Me personally, my American Dream was to have a house, a dog, a couple rifles, a bass boat. I believe in living life easy and simple. I don’t have grand designs. I don’t want much. I just wanna be able to take care of my family and do things with them outdoors and that’s about it, really. I don’t have a “grand scheme” thing. My American Dream is just more personal to me as far as working, making a good living and being able to provide for my family, college for my son. Things like that – simple things in life, that’s really what it comes down to for me. That’s my dream.(1)
The American Dream is that dream of a land in which life should be better and richer and fuller for everyone, with opportunity for each according to ability or achievement. It is a difficult dream for the European upper classes to interpret adequately, and too many of us ourselves have grown weary and mistrustful of it. It is not a dream of motor cars and high wages merely, but a dream of social order in which each man and each woman shall be able to attain to the fullest stature of which they are innately capable, and be recognized by others for what they are, regardless of the fortuitous circumstances of birth or position.(2)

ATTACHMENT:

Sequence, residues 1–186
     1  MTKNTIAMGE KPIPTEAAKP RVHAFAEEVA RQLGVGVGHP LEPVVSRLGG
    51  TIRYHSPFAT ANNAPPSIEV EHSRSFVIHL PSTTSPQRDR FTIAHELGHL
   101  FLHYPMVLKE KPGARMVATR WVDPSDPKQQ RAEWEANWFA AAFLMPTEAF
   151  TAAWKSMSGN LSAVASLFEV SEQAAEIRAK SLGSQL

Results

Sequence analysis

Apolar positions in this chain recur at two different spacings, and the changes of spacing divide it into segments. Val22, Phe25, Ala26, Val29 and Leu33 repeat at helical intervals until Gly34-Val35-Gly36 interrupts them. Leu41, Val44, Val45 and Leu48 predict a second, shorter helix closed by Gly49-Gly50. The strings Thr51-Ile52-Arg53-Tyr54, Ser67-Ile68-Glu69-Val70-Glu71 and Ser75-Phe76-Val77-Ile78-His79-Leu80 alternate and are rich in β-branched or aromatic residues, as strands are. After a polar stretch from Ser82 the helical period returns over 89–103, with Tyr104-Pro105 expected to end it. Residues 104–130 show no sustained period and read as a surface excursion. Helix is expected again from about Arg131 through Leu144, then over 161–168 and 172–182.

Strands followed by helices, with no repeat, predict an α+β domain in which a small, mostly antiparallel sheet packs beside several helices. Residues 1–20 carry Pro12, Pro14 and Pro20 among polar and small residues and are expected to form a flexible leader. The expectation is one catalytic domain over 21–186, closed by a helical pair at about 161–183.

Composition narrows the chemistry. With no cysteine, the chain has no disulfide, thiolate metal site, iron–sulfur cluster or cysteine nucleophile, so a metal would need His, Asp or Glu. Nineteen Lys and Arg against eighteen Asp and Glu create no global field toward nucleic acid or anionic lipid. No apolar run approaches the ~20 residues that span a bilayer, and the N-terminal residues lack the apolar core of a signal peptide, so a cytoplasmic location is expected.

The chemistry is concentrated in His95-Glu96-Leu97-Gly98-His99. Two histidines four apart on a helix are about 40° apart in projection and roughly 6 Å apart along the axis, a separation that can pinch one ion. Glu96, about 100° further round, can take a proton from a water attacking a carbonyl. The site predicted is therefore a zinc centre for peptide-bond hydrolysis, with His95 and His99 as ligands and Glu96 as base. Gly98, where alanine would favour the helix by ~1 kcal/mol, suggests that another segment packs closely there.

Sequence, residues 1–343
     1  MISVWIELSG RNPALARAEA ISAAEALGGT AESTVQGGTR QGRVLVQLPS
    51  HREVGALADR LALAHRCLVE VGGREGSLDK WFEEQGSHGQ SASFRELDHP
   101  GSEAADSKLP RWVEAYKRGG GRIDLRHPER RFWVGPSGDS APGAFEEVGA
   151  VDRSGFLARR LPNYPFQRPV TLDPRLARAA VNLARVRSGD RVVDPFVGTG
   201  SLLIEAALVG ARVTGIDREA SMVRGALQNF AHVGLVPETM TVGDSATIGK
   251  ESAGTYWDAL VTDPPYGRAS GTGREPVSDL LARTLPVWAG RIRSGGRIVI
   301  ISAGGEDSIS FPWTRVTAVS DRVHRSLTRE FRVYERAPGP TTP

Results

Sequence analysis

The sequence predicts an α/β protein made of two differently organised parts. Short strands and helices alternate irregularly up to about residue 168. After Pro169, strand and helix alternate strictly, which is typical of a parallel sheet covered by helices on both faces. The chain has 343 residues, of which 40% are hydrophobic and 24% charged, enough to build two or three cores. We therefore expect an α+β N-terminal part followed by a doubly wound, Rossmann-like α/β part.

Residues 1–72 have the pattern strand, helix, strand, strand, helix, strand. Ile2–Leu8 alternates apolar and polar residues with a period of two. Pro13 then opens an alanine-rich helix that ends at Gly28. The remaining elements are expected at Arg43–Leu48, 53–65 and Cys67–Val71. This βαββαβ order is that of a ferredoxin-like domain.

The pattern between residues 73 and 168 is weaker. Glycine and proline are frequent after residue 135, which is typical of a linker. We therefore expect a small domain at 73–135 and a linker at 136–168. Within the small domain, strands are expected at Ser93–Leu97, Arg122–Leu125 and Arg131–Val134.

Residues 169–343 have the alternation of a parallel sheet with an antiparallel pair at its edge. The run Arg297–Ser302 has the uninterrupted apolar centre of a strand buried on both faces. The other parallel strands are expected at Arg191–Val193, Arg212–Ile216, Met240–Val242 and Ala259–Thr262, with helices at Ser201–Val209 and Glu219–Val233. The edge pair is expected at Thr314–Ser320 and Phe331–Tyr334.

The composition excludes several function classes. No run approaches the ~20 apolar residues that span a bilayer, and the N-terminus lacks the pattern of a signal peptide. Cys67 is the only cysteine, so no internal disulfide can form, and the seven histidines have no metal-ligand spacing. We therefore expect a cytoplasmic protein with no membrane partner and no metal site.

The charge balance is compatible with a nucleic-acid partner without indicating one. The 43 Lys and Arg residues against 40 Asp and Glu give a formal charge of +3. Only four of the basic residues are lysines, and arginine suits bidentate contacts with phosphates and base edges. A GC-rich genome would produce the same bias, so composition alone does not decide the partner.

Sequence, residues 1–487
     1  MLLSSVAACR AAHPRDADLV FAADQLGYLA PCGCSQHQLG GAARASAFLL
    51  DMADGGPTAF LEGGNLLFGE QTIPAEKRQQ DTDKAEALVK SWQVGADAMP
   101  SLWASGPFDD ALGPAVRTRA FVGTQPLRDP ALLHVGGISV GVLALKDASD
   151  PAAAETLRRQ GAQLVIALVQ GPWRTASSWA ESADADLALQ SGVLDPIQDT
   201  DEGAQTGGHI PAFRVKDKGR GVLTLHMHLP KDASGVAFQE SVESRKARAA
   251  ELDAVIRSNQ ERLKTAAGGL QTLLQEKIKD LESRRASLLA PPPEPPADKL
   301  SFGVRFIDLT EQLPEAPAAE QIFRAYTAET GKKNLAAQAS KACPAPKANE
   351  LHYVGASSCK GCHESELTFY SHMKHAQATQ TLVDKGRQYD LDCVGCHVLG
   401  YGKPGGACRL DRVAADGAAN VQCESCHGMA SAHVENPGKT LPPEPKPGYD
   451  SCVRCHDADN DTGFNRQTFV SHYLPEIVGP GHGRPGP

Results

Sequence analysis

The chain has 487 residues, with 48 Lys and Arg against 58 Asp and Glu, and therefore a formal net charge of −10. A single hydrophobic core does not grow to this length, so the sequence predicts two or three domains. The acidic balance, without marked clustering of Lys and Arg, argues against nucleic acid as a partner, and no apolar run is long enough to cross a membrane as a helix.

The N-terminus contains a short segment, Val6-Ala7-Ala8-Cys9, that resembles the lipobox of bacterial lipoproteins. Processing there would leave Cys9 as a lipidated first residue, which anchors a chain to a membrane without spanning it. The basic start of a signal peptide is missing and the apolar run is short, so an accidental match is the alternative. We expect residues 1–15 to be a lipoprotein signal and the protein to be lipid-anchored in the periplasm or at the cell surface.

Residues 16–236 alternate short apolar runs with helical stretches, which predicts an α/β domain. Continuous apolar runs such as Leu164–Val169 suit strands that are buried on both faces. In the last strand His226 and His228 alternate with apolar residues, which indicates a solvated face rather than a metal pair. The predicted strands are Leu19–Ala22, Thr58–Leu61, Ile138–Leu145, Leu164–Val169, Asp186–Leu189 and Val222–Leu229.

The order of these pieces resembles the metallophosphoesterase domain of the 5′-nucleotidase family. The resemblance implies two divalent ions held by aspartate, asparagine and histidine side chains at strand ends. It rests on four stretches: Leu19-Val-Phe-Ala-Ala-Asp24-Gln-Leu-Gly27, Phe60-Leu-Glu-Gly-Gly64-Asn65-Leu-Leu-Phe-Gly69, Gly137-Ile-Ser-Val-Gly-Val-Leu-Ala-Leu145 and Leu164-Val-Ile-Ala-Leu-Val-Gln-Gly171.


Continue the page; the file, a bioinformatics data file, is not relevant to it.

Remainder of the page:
The reform of consciousness consists only in making the world aware of its own consciousness, in awakening it out of its dream about itself, in explaining to it the meaning of its own actions.... Hence, our motto must be: reform of consciousness not through dogmas, but by analysing the mystical consciousness that is unintelligible to itself, whether it manifests itself in a religious or a political form. It will then become evident that the world has long dreamed of possessing something of which it has only to be conscious in order to possess it in reality.(3)
1. Samuel J. Wurzelbacher, Interview, Family Security Matters, October 15, 2008.
2. James Truslow Adams, The Epic of America, 1931.
3. Karl Marx, Letter to Arnold Ruge, September 1843.